YouTube, Hulu, Vimeo and other online video providers have enjoyed significant success. But other OTT video players haven't been so lucky. Here are 10 online video companies either gone before their time, or that are struggling to keep from fading away.
For smaller MCNs and for individual content creators, YouTube is a challenging space to turn a profit. Enter the next generation of online distributors: companies that are providing ways for content creators to post and publicize their videos beyond YouTube.
Seems like everyone and their mother is trying to launch a content service over the top these days. But so far, the ever-growing number of available streaming services has brought in real profit to only a few--even Netflix is struggling to maintain decent margins--while frustrating consumers searching for the content they want to watch. Could alliances between online video providers--rather than industry consolidation--help resolve these problems?
FilmOn CEO: FCC 'extremely positive' toward MVPDs
Change is inevitable. That's the mantra being carried by Alki David, founder and CEO of FilmOn. The outspoken executive is attempting to rally support for a NPRM circulated by agency Chairman Tom Wheeler that could change the definition of an MVPD. FierceOnlineVideo chatted with David following his latest FCC visit to get his view of the climate at the commission, an overview of FilmOn's business model, and how he sees the OTT landscape evolving in the near future.
Follow us on Twitter.
Jump into the discussion! Join the FierceOnlineVideo group at LinkedIn.
More online video news from across the Web:
> NAB is accepting applications for its SPROCKIT showcase for emerging companies at its annual tradeshow in April. Release
> Samsung is launching a mobile online video service. Story (sub. req.)
> Two-thirds of all OTT subscriptions in Latin America are Netflix subscriptions. Story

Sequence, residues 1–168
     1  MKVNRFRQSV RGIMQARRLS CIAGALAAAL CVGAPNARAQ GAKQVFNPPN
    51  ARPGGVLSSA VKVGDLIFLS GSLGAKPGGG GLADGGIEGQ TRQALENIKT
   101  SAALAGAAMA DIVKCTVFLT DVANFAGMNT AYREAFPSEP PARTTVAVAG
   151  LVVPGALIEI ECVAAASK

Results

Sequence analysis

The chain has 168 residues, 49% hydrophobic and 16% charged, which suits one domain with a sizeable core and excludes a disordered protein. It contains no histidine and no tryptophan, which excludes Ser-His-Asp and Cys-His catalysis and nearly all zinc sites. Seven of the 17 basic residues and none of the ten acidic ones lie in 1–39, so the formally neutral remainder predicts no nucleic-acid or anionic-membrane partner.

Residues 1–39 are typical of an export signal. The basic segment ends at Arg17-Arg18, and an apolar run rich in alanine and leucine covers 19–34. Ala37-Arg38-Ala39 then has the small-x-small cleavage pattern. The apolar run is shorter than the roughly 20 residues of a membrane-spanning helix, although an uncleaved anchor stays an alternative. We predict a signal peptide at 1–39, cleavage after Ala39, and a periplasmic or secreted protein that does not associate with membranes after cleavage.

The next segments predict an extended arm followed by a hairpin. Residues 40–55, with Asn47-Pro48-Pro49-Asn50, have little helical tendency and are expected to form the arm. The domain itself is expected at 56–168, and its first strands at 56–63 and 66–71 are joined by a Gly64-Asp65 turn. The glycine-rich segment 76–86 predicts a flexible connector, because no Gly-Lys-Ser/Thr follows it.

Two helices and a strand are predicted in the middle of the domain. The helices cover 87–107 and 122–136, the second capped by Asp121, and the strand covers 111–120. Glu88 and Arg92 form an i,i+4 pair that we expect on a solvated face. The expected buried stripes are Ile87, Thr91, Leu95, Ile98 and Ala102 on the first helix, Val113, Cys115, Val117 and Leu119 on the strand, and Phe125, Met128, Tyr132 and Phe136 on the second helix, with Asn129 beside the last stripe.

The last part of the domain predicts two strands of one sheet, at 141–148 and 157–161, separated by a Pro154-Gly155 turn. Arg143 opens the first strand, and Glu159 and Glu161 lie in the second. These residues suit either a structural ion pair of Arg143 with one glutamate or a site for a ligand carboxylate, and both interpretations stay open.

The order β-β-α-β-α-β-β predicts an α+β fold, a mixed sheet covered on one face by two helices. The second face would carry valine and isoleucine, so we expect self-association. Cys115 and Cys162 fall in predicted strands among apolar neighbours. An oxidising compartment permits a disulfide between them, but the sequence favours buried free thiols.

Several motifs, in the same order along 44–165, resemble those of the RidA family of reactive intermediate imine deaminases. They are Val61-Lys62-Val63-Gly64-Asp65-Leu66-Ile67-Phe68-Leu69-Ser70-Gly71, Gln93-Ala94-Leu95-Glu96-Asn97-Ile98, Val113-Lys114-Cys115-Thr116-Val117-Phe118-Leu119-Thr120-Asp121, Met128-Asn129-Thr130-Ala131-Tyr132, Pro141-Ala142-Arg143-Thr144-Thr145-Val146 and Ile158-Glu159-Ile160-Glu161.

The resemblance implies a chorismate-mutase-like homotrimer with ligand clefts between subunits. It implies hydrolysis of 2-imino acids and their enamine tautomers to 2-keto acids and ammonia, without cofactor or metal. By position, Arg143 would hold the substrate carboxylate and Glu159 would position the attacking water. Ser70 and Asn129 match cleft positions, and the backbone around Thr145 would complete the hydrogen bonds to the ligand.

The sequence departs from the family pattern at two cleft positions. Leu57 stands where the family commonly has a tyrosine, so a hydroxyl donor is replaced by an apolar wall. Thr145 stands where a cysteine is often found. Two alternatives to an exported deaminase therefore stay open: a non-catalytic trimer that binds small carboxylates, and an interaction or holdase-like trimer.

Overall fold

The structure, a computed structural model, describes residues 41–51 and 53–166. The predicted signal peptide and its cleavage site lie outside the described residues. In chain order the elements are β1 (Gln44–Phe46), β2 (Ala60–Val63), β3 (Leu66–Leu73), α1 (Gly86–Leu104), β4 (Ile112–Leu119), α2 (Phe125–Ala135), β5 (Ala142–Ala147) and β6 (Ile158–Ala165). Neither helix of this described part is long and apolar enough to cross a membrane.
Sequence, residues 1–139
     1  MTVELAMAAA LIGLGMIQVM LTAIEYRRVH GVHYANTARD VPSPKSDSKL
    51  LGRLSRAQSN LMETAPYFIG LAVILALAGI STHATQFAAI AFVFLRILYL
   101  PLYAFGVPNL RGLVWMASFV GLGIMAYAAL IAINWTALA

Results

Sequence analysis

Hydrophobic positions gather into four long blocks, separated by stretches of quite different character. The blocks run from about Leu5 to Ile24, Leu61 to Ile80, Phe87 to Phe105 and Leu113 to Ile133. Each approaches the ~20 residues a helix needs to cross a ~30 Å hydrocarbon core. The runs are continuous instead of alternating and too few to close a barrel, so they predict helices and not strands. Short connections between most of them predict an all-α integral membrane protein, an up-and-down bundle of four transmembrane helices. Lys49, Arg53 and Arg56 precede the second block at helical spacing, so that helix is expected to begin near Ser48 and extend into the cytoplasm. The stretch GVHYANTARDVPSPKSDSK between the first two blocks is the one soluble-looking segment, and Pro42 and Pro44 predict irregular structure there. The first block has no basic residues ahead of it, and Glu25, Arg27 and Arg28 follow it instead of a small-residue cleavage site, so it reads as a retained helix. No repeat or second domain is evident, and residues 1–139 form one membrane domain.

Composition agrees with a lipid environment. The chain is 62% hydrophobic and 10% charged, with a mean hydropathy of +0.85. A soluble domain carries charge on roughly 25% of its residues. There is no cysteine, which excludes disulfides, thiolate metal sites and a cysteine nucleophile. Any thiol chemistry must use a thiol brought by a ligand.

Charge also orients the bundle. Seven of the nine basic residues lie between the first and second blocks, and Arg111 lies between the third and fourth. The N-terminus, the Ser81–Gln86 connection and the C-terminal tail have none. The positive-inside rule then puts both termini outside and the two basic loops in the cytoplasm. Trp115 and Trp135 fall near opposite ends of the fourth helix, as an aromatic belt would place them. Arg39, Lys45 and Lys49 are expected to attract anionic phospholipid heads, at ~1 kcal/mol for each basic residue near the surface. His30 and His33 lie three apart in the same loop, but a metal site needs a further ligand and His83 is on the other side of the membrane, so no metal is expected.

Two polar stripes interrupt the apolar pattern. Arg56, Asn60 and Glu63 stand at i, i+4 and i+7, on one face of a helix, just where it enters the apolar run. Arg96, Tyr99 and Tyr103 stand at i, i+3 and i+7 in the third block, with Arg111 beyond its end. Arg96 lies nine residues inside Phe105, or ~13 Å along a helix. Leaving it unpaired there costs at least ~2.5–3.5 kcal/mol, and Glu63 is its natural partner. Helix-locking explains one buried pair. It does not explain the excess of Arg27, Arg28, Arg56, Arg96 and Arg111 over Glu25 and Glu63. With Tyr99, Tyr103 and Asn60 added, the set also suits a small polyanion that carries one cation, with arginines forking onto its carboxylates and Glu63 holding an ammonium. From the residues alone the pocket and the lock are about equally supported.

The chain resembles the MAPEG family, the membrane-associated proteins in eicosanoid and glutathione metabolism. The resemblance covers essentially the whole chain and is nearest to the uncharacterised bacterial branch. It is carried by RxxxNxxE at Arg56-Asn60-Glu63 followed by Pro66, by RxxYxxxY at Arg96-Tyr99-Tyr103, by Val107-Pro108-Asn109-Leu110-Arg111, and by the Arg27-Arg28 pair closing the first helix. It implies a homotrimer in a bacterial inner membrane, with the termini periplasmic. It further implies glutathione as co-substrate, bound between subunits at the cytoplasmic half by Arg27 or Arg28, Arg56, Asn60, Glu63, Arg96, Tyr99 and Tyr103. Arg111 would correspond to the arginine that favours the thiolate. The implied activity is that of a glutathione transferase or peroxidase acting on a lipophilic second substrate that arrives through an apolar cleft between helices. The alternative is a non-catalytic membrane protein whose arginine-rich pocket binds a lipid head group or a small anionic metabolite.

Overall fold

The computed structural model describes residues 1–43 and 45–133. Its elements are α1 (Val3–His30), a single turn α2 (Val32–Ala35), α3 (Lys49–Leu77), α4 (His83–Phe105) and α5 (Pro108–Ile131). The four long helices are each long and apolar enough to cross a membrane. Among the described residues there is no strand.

POPULAR COMMENT THREADS
Embattled OTA-over-OTT provider Aereo filed for Chapter 11 reorganization Friday in the Southern District of New York, citing an "uncertain regulatory and legal climate" that has kept the startup from operating since June.
With the NFL jumping into online video with its NFL Now app, and regional networks like Pac-12 debuting their own OTT experiences, the idea of watching sports online is transitioning from an optional activity to must-see video. And next year, "broadband sports," as TDG analyst Joel Espelien dubs it, is set to take off in a big way.
Multiscreen service provider MobiTV has partnered with TV Bank, one of Japan's largest online video providers, to help extend its new pay-TV service, BBTV Next, to connected devices for all its subscribers.
The advantages of developing software for a device that stays pretty much glued to consumers 24 hours a day appear to be paying off. According to Yahoo!-owned mobile analytics firm Flurry, time spent on mobile devices has grown to 177 minutes per day on average, surpassing time spent with the TV, which stayed flat at 168 minutes per day.
National Association of Broadcasters EVP of Strategic Planning Rick Kaplan gave the FCC something of a backhanded compliment in a post on the association's policy blog: While lauding the commission's proposal to classify certain over-the-top providers as multichannel video programming distributors (MVPDs), he also said that Chairman Tom Wheeler does not appear "to appreciate the complexities" of the proposed rulemaking.
With just under 40 million subscribers in the United States, Netflix "may be reaching the ceiling of what it can add," according to an article exploring the subscription video on demand provider's profit potential. Combined with ever-increasing prices for Hollywood content and stiff international competition, times could get pretty interesting for Netflix.
From Our Sister Sites
During its November open meeting on Friday, the FCC issued a notice of proposed rulemaking (NPRM) related to the proposed transition large service providers are making from traditional TDM to IP, with an eye on consumers and small businesses that rely on services that may not be supported following a transition.
The vendor supplying up to 10,000 802.11ac access points for New York City's LinkNYC is Ruckus Wireless, the same company that is supplying Wi-Fi gear for cities like San Francisco and San Jose, Calif., albeit on a much smaller scale, sources close to the matter say.